My mind wondered if there would be any more trucks passing by, so I could ask them for a lift and go through this place like a knife through butter. But no, of course not, I still had a testimony to write. I began looking for more flat areas to see if I could gain a little more speed. I even thought I saw a road on the horizon next to a rice field. As I came closer I realized that it was just the pebbles that got smaller throwing my steering all over the place. It was extremely uncomfortable. My hands were constantly shaking and all I could do was to keep it balanced like sailing during a storm. I began laughing hysterically and was momentarily relieved. Whenever I had clay instead of sand and stones I would go as fast as ten miles per hour, which was my record in those lands. I kept thinking about time. It was close to six and then I would have only one hour before it got darker. The urgency pushed me to go faster and I knew it was careless. My bike was taking all the punishment as I thought of the possible upcoming repairs of wheels after this rock concert was over.

I know it doesn't look like much, but when I saw it I was grateful.

I exited the woods area and saw the light of a sunset caressing the paved road that unfolded in front of me. I stopped, carefully got off my bike, got down on my knees, and kissed the land. For a moment I forgot about how far I had to go, the quality of the road, I was just happy to see the pavement. Life can be so simple when you live it in the moment. It smelled of engine oil mixed with gasoline and burnt rubber. My moment of triumph was bleak. The intimacy got interrupted(or intervened)by a distant rolling(not subtle enough with “rolling” or it’s okay?) sound. I got off my knees and turned around to make sure I actually heard it. Thunder.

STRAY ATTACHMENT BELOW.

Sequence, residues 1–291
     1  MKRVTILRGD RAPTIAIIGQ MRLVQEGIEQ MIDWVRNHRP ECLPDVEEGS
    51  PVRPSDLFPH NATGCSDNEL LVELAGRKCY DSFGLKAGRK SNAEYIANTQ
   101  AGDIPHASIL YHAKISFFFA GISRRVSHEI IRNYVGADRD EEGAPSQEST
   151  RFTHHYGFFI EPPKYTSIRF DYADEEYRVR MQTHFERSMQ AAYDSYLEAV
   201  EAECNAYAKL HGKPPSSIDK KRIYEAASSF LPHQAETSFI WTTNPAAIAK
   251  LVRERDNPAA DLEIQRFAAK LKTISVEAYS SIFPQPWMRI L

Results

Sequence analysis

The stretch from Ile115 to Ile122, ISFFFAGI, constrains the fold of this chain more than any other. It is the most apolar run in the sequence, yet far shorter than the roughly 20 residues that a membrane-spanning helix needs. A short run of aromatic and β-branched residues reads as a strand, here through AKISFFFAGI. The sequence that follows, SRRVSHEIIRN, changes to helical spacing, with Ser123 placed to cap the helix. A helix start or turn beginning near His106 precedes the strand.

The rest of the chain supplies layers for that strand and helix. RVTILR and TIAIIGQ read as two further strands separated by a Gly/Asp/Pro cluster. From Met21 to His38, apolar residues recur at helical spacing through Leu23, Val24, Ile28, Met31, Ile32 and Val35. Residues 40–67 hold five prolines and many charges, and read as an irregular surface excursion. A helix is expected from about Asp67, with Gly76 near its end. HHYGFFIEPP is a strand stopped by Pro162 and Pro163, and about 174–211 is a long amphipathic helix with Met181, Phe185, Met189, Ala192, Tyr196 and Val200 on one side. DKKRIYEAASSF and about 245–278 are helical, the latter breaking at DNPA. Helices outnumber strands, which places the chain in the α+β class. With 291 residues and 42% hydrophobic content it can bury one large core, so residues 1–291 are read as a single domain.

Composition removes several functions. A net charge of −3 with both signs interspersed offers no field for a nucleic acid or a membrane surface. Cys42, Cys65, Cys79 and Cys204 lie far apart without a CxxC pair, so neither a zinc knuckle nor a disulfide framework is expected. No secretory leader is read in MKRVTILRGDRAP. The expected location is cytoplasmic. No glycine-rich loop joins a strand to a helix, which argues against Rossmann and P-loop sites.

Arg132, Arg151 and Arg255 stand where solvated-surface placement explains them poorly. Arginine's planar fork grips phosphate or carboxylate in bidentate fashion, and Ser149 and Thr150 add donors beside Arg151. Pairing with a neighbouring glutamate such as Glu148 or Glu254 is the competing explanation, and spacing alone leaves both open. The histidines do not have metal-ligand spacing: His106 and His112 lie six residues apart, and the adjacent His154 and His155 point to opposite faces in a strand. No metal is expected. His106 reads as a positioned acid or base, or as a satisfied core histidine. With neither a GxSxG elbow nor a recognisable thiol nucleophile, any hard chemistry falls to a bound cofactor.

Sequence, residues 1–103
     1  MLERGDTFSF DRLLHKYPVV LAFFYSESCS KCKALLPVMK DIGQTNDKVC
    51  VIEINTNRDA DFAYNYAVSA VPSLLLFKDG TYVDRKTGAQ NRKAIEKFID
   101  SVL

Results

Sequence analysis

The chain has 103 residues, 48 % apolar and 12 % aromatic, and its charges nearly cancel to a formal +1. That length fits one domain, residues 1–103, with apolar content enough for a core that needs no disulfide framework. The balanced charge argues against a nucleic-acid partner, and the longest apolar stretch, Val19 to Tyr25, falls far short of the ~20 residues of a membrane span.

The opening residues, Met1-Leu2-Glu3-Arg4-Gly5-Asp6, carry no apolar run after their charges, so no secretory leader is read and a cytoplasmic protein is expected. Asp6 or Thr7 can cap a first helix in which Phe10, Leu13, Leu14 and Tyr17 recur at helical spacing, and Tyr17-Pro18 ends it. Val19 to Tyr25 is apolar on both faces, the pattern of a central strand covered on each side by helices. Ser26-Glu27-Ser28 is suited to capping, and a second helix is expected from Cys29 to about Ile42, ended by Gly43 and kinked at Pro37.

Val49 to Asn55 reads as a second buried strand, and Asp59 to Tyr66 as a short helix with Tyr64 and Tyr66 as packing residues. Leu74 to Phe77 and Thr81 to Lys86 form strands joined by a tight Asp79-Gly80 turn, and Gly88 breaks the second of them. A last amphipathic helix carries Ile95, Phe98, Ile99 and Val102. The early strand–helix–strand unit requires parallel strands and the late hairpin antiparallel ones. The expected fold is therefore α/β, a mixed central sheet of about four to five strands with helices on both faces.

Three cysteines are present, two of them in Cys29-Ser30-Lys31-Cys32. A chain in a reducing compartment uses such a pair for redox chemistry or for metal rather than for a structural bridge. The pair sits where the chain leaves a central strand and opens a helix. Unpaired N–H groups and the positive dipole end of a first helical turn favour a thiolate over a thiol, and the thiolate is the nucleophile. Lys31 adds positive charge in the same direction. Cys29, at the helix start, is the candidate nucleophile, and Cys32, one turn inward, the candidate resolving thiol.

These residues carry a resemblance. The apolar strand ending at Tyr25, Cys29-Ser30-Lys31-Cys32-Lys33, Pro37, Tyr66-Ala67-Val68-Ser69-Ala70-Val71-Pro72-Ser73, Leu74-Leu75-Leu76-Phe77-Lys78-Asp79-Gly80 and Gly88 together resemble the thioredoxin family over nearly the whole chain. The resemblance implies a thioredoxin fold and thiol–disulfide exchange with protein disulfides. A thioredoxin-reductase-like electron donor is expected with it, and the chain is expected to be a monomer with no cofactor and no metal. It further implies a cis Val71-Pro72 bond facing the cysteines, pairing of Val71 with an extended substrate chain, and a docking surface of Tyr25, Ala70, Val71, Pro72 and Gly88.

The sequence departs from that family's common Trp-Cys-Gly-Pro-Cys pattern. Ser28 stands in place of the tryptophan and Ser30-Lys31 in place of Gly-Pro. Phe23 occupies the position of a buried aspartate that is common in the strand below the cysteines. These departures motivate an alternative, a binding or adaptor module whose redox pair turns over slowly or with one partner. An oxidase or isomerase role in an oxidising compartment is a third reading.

There was an enormous cloud approaching from the southwest, beautiful and mysterious. I pedaled as if I had a torpedo up my ass. It was nearly shocking how after eight and a half hours including that hell of a road I did not care either about fatigue or whining dull pain in my back. I just did twenty miles per hour and made sure it stayed that way. I caught my second wind. Occasionally I was checking my phone to make sure I was getting closer to Oberlin. I still admired how beautiful the sky was on that day when beams of sunshine were still cutting through the curly clouds, and even though the storm seemed far, the race against it was not over yet.